Self care is everywhere these days. Some people wonder why this modern society feels the need to ‘self care’ and exactly what it is? To some it seems like selfishness, egoism or an excuse to indulge in a bath. After all, less than 100 years ago children worked like adults from young ages. Families had to be caretakers to the elderly and ill until the mid 1800’s and running water wasn’t in the White House until the 1850’s. Life has always been difficult and until recently we haven’t had the option of soaking in a bath without effort, treating ourselves to a facial with our friends or making time for a yoga class.
Self care can mean different things to different people. To me, as a holistically oriented wellness coach, it includes eating correctly, getting physical exercise and learning to handle stress effectively. To me, as a woman with a family and aging mother, it includes getting some alone time and practicing gratefulness when what I really want to do is hide under my covers for a day. To me as an American struggling to keep the bills paid, balance the needs of my friends and family with my own, continually take classes in my specialties to progress my career not to mention get the laundry washed and put away within 24 hours, it means lighting a scented candle and snuggling with my love. But those are just a few examples of what self care might be.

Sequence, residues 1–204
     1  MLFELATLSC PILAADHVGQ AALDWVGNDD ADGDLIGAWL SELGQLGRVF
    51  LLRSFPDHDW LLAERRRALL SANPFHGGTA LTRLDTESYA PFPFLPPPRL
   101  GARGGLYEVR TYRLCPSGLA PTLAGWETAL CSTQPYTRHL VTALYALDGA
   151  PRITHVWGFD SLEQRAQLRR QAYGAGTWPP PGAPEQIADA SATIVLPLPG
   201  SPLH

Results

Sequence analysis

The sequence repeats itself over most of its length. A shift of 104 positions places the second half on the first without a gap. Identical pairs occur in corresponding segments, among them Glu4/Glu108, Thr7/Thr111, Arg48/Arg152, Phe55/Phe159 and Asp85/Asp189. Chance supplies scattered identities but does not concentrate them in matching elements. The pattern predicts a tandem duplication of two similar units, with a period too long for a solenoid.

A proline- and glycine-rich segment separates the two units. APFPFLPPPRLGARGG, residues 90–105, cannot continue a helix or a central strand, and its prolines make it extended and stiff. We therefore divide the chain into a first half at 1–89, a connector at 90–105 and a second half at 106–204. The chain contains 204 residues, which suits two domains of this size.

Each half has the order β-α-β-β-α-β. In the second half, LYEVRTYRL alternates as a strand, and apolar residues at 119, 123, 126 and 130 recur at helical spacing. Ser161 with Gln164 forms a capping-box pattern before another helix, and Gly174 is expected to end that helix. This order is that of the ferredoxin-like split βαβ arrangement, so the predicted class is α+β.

Self care is a term that allows us to remind ourselves that our methods of dealing with the world should be caring for ourselves, not just comforting ourselves by reaching for a cocktail or a piece of chocolate cake. It can involve reminding yourself with words that you are doing your best. It can be learning not to over-extend yourself with commitments. It can be signing up for a personal trainer or a yoga class. Sometimes, it’s that glass of wine or dessert with a friend. What is always should be is a way of rejuvenating your body, mind and spirit to be ready to tackle the hardships and celebrate the successes.
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